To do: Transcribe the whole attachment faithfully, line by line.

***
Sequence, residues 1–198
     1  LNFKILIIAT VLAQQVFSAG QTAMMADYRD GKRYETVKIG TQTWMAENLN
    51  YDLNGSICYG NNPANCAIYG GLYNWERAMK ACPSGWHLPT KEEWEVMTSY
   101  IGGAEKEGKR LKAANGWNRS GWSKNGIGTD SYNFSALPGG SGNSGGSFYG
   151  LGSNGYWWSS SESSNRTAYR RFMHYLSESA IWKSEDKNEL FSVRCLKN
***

Sequence, residues 1–198
     1  LNFKILIIAT VLAQQVFSAG QTAMMADYRD GKRYETVKIG TQTWMAENLN
    51  YDLNGSICYG NNPANCAIYG GLYNWERAMK ACPSGWHLPT KEEWEVMTSY
   101  IGGAEKEGKR LKAANGWNRS GWSKNGIGTD SYNFSALPGG SGNSGGSFYG
   151  LGSNGYWWSS SESSNRTAYR RFMHYLSESA IWKSEDKNEL FSVRCLKN